This pilgrimage has several aims. First, it seeks to interrogate the moral judgments of our ecclesial tradition. Perhaps, after reading Peter Leithart’s Defending Constantine and Brad Gregory’s Salvation at Stake (which I’ve already done as a Mennonite in a Reformation history course taught by Gregory at the Catholic University of Notre Dame), we will remain unrepentant critics of Reformation violence and Constantinian Catholicism. Nevertheless, we maintain the importance of trying to comprehend seemingly unintelligible contexts. What compelled Calvinists to slaughter Catholics, Catholics to burn Calvinists at the stake—and everyone to kill Anabaptists? Answering this fraught question requires us, says Miroslav Volf, to maintain—or, indeed, to recover—the integrity of the imago dei by acknowledging that each person has a social location and history that exhibits their very humanity. “God sees each human being concretely,” he writes. “God notes not only their common humanity, but also their specific histories, their particular psychological, social, and embodied selves with their specific needs.” Attending to Volf’s call means taking seriously human complexity, even Judas in Palestine and Catholic persecutors in the Swiss and German Reformations. Anglican bishop Rowan Williams even advises a “pastoral imagination which mimics God’s own charitable knowing of us.” Against modernist conceits of a single story, historical empathy concedes other perspectives.
We will also turn the gaze back on ourselves. Interrogation of the past should extend beyond moral judgment to moral reflection, a move that considers the ways that we—and our traditions—are complicit. How do we explain the violence of radical Anabaptists at Münster? What were the ways in which our own ancestors, who were victims of European empire, went on to buttress American empire through settler colonialism? In what ways do we still serve Pax Americana? These can be difficult to discern because, as diarist Anais Nin contends, “We don’t see things as they are; we see them as we are.” Peter Berger suggests that sociology can help. He writes, “The perspective of sociology, particularly of the sociology of knowledge, can have a definitively liberating effect. While other analytic disciplines free us from the dead weight of the past, sociology frees us from the tyranny of the present.” Moral reflection can help remove our own cataracts, and it can make us more circumspect about moral judging others. As George Marsden writes, we should “avoid explicit moralizing because we, like the historical actors we write and teach about, are flawed humans. … We can point out that we ourselves probably have similar blind spots and that, even though our mistreatment or neglect of our neighbors may not be as notorious or spectacular, we share a common humanity with those whose action we deplore.” We all embody a beautiful and terrible inheritance.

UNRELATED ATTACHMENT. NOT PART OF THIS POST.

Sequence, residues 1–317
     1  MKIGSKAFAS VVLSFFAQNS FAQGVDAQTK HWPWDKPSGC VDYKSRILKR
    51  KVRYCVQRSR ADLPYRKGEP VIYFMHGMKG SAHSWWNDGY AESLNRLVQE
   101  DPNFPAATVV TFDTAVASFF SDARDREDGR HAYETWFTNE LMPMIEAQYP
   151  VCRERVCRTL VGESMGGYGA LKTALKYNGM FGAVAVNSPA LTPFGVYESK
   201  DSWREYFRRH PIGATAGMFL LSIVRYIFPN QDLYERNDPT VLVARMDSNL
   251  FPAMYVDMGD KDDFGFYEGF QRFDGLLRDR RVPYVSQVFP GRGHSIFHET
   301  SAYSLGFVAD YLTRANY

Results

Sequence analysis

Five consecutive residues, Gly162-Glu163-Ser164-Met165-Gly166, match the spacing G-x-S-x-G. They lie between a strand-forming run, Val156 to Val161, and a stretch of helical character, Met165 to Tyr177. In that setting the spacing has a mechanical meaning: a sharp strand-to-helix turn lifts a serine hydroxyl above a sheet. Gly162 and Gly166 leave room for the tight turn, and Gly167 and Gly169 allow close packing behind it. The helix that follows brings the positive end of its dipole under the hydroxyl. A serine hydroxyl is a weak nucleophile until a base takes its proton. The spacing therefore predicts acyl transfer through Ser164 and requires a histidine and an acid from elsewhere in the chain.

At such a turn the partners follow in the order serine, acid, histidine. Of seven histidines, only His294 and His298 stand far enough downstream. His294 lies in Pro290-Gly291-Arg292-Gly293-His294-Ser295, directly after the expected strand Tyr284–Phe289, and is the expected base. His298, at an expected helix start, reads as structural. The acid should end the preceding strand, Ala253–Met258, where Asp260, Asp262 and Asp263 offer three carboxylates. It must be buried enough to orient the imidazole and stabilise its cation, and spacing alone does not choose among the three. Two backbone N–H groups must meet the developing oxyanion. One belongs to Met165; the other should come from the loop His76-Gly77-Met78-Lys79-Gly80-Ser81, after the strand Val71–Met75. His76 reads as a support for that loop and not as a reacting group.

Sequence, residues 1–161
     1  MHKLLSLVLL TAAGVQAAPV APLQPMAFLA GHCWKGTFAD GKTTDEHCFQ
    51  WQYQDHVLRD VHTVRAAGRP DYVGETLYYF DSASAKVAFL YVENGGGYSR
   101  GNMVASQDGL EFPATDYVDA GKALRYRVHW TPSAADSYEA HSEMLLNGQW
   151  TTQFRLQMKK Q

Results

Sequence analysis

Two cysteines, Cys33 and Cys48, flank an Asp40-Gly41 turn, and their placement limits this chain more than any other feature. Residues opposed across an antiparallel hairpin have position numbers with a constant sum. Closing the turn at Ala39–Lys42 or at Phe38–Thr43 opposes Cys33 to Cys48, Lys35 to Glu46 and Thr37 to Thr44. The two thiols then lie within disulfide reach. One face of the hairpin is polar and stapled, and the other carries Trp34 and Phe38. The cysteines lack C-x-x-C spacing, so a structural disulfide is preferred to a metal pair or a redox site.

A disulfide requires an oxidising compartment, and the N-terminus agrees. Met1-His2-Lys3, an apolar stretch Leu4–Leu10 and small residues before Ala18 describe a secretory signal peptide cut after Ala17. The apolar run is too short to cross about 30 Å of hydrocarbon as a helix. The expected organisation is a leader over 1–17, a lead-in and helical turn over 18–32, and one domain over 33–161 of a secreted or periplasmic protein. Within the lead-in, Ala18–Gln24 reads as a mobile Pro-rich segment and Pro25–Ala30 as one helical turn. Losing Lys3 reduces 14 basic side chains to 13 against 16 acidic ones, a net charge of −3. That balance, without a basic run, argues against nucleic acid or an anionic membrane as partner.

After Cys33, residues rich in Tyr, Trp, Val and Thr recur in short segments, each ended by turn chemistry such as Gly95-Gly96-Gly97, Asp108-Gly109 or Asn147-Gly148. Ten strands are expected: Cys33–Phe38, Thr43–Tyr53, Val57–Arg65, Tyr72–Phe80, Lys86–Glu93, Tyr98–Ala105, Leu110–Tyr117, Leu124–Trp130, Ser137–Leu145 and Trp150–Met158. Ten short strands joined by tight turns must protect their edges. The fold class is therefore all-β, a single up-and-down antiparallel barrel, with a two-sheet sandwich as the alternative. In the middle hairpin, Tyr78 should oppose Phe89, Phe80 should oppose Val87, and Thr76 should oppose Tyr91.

Second, Lisa and I are teachers, and this pilgrimage will explore a more expansive pedagogy. James K. A. Smith, a critic of the intellectualist faith-learning paradigm, suggests that humans are imaginative, desiring, loving, affective creatures more than automatons driven by cognitive, intellectual perceptions. He writes, “We feel our way around our world more than we think our way through it.” As such, our imaginations need to be converted and enacted through “intentional practices that are tactile, bodily, repetitive, and narratival.” He juxtaposes this very human anthropology with the modern bureaucratic university’s emphasis on efficiency, regimentation, dispassionate instrumentalism, and building educational “superhighways” instead of undertaking educational “journeys.”